The idea of warriors and war conjure up images of battles. This is one reason why don Juan uses the word “warrior” when describing to Carlos Castaneda how to use attention and develop awareness.

It takes the seriousness and attentiveness of a warrior to withstand the battles in life. Battles suggest struggles and fighting. It’s important to understand how we relate to such struggles so we know how to fight well.

In A Separate Reality, don Juan tells Carlos about the warrior’s spirit:

“A warrior should be prepared only to battle. His spirit is not geared to indulging and complaining, nor is it geared to winning or losing. The spirit of a warrior is geared only to struggle, and every struggle is a warrior’s last battle on earth. Thus the outcome matters very little to him. In his last battle on earth a warrior lets his spirit flow free and clear.

“The difficulty is that the mirror of self-reflection is extremely powerful and only lets its victims go after a ferocious struggle. For warrior-travelers, there is only struggle, and it is a struggle with no end.”

We can pull four important points from this:

  1. The struggle, the process, the journey is what’s most important, not the end result. If we value the fight itself, rather than what we’ll achieve from the fight, then we’ll be present for it and enjoy it more.
  2. Each struggle is our last battle on earth. Here he brings up death. By realizing and accepting that we could die during each battle, we value our struggle even more. From a mental training perspective, this means we pay more attention to the struggle. Death brings a degree of seriousness and intentionality to our fighting.
  3. The struggle is ferocious. We’re all rife with limitations that are constantly self-reflected to us. We need vigilance, awareness, and commitment to our fighting to loosen its grip. Therefore, we value work. We observe the mind rebel against work.
  4. There is only struggle with no end. This means that there really isn’t a place in the future where we arrive. We struggle moment to moment and immerse ourselves completely in it. This moment is all that ever exists. An achievement, comfort-based motivation poison our ability to keep our attention on the struggle. This tendency originates from the mind, which sees the struggle as only a means to an end. Rather, a struggle with no end changes how we use our attention. The means of the struggle is an end in itself. We fight not because it’s good for us; we fight because it gives us a feeling of being alive.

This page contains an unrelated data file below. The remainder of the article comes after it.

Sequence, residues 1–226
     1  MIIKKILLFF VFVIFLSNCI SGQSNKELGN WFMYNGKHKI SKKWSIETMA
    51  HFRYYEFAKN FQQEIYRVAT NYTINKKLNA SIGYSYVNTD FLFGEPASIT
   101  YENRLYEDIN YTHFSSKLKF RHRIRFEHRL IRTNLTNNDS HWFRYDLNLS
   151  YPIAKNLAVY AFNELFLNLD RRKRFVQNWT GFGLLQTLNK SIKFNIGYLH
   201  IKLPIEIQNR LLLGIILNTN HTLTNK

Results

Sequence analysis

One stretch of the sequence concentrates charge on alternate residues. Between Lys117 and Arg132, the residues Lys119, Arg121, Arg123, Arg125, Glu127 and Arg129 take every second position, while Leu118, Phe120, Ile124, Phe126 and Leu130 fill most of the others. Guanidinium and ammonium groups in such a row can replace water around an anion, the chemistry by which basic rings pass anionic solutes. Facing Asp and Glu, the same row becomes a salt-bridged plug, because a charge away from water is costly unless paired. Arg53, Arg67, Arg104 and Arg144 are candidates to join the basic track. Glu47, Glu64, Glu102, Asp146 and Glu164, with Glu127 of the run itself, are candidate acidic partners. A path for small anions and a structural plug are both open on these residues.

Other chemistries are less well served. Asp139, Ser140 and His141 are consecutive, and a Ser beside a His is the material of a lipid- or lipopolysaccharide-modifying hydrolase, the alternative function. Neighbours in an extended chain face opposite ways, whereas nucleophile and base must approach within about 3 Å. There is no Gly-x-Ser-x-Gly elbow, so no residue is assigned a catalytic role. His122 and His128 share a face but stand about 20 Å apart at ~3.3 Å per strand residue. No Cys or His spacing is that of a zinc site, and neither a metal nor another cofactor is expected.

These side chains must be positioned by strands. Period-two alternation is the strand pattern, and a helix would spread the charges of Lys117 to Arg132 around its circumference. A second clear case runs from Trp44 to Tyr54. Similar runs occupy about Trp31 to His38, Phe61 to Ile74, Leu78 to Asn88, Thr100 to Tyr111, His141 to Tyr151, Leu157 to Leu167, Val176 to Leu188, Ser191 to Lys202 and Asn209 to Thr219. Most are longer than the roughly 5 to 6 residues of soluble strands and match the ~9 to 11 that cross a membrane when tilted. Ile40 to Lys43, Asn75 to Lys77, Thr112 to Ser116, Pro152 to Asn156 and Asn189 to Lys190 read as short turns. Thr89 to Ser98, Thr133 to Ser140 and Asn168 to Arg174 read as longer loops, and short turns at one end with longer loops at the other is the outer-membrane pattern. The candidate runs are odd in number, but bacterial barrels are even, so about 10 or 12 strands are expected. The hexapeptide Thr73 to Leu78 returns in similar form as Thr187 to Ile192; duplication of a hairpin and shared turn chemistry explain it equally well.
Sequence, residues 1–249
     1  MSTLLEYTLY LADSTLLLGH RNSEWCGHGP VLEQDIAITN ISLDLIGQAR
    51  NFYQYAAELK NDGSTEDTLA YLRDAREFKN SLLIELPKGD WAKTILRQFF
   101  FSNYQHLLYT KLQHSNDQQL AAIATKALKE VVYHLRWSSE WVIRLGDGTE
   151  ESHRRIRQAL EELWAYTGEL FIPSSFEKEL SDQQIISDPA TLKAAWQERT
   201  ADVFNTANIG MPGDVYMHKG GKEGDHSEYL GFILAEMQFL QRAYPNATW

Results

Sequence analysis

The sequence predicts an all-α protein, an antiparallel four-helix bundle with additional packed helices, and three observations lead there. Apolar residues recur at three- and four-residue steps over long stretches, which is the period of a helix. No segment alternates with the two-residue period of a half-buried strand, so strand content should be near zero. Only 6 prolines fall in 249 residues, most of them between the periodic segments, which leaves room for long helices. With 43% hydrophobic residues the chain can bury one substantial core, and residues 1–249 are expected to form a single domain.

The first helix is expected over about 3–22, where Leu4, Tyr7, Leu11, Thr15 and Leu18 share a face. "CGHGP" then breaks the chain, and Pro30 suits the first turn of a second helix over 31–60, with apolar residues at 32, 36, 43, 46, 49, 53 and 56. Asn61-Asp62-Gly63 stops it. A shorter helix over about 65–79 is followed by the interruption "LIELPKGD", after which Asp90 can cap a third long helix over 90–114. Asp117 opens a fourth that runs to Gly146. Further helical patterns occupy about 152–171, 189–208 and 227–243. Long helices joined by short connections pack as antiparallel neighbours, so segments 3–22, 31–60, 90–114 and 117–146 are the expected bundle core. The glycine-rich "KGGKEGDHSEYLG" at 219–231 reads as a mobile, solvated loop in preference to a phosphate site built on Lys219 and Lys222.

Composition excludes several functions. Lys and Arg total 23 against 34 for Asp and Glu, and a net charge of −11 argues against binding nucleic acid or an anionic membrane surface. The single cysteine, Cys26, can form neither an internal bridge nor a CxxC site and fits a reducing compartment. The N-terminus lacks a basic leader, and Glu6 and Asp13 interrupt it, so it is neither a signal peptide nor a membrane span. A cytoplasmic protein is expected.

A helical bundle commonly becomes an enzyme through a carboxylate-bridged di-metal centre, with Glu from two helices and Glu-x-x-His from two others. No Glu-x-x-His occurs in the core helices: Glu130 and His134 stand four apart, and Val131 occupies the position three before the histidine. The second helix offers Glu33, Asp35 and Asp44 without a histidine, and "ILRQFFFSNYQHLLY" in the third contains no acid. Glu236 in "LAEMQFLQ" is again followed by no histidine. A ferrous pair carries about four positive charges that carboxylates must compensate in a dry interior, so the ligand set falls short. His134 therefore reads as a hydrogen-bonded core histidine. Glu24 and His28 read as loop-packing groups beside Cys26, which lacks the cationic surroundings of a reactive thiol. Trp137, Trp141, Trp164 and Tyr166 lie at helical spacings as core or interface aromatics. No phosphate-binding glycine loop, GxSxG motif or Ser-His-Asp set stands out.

Engage the present moment as if it’s the only thing that does exist.

I don’t think there is anything wrong with setting goals. However, if we consider that there is an innate desire to grow within each of us, to actualize ourselves as human beings, then the goal is self-evident. Just as a tree naturally grows to actualize itself, human beings grow to actualize themselves. What’s important is aligning our attention so we can realize that potential. Everything happens in the present moment. Therefore, we engage the present moment as if it’s the only thing that does exist. This aligns our attention to fight the battles of life and to enjoy them for their own sake.

Warriors are “prepared only to battle,” as don Juan says, and nothing else. Aligning ourselves this way “let’s our spirit flow free and clear,” unimpeded by distracted attention toward results.

What don Juan describes is what we now call the flow state. We flow better with struggles because we actually want to be present for them. What a wonderful image that is.

This Post Has One Comment

  1. Tim Waring

    Right on!

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